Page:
UPR 6-103. Preparation of Legal Instruments.

(5) A settlement agent authorized to provide escrow, closing or settlement services for real estate transactions under the Consumer Real Estate Settlement Protection Act (CRESPA), Va. Code §§ 6.1-2.19, et seq. or the Real Estate Settlement Agent Registration Act (RESARA), Va. Code §§ 6.1-2.30, et seq. or any other Virginia statute now existing or hereafter enacted may complete form documents and instruments selected by and in accordance with the instructions of the parties to the transaction.

UPR 9-103. Immigration Practice.

(B) For purposes of UPR 9-103(A):

(2) "Represent" means to engage in "practice" or "preparation" as those terms are defined, respectively, in 8 CFR ''1.1(i) and (k), to wit:"practice" means the act or acts of any person appearing in any case, either in person or through the preparation or filing of any brief or other document, paper, application, or petition on behalf of another person or client before or with the Service . . . ;"preparation" means the study of the facts of a case and the applicable laws, coupled with the giving of advice and auxiliary activities, including the incidental preparation of papers, but does not include the lawful functions of a notary public or service consisting solely of assistance in the completion of blank spaces on printed Service forms by one whose remuneration, if any, is nominal and who does not hold himself out as qualified in legal matters or in immigration and naturalization procedure or as 8 CFR Part 292 may be amended from time to time.

(C) The provisions of (A) and (B) above are not intended to prohibit an unauthorized non-lawyer from assisting an individual in the completion of forms which had been personally selected by the individual, to the extent that such assistance involves only the taking and transcription of dictation or the translation of such dictation into English. However, the referenced provisions are intended to prohibit such an unauthorized non-lawyer from selecting specific forms for completion or from advising the individual as to which forms are appropriate for completion and submission to the Service provided such activities require the use of legal knowledge and skill.

UPC 3-6. Statements of account and affidavits of facts relating to accounts and other matters are not legal instruments, and the preparation of the same by an agency is not the unauthorized practice of law. Such preparation does not require legal training or the application of legal principles; nor is the mere filing of such accounts or affidavits with personal representatives, trustees in bankruptcy and the like representing the interest of another before a tribunal.

UPC 3-7. A non-lawyer may properly act as a trustee in bankruptcy but may not prepare pleadings in the bankruptcy court except as authorized by the Bankruptcy Rules.

UPC 4-5. The preparation of legal instruments such as wills, codicils and trusts by a non-lawyer for another, with or without compensation, goes beyond the area of permitted advice incident to the regular course of a non-lawyer's business. There is nothing improper, however, in the submission of suggested forms for various types of wills or trusts to lawyers for present or prospective customers of a non-lawyer. Distributing forms of separate administrative or dispositive provisions setting forth the proper name of a fiduciary, a charity or the like is not improper.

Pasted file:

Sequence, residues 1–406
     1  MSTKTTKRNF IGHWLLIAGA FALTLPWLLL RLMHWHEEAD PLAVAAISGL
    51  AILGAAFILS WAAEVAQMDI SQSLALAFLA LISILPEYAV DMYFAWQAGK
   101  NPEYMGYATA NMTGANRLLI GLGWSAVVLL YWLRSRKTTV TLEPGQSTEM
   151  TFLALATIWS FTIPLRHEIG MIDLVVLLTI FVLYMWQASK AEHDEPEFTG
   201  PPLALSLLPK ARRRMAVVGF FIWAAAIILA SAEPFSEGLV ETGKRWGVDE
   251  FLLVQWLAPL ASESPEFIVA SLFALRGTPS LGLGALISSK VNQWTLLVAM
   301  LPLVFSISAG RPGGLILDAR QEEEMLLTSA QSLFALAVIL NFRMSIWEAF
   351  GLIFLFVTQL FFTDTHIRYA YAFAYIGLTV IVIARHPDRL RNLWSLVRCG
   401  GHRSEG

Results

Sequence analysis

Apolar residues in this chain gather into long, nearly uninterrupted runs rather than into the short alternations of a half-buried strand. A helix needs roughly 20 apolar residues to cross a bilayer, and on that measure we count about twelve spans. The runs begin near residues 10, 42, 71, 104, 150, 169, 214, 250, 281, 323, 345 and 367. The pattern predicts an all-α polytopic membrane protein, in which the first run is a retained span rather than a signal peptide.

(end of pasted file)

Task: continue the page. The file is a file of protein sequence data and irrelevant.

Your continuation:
UPC 4-6. Selecting or filling out a form of will or trust for another is an exercise in legal judgment. As an aid to a customer's lawyer, a non-lawyer may submit to such lawyer, and only to him, specimen language for technical provisions to be included in his client's will, codicil or trust; but such non-lawyer is not entitled to hold himself out as the responsible draftsman of such provisions.

UPC 4-7. Advice by a non-lawyer as to the use of his "standard form trust," "plain English trust," "mini-trust," or the like constitutes the unauthorized practice of law when the provisions of such instrument go beyond the legitimate interest of the non-lawyer therein, seek to do more than the normal agency or deposit contract, or affect the legal rights of persons not parties to the contract. For example, the furnishing by a non-lawyer to his customer of a power of attorney which extends the authority of the attorney-in-fact to deal on behalf of his principal with all his principal's assets or accounts, whether or not maintained by that particular non-lawyer, goes beyond the area of that non-lawyer's legitimate interest.

UPC 9-7. The Virginia State Bar recognizes that certain non-lawyers may be authorized to practice before a federal immigration agency. However, non-lawyers who are not so authorized are limited to providing assistance to an alien resident for such limited services as translation of documents, and assistance in the transcription of documents or answers provided by the alien, for a fee commensurate with such limited services. However, the selection of appropriate immigration forms, the assistance to the alien in the information to be provided on such forms, and other related services by an unauthorized non-lawyer may constitute the unauthorized practice of law.

[3] § 16.1-122.4. Representation and removal; rights of parties. —

A. All parties shall be represented by themselves in actions before the small claims court except as follows:

1. A corporate or partnership plaintiff or defendant may be represented by an owner, a general partner, an officer or an employee of that corporation or partnership who shall have all the rights and privileges given an individual to represent, plead and try a case without an attorney. An attorney may serve in this capacity if he is appearing pro se, but he may not serve in a representative capacity.

2. A plaintiff or defendant who, in the judge's opinion, is unable to understand or participate on his own behalf in the hearing may be represented by a friend or relative if the representative is familiarwith the facts of the case and is not an attorney.



Updated: Dec 19, 2012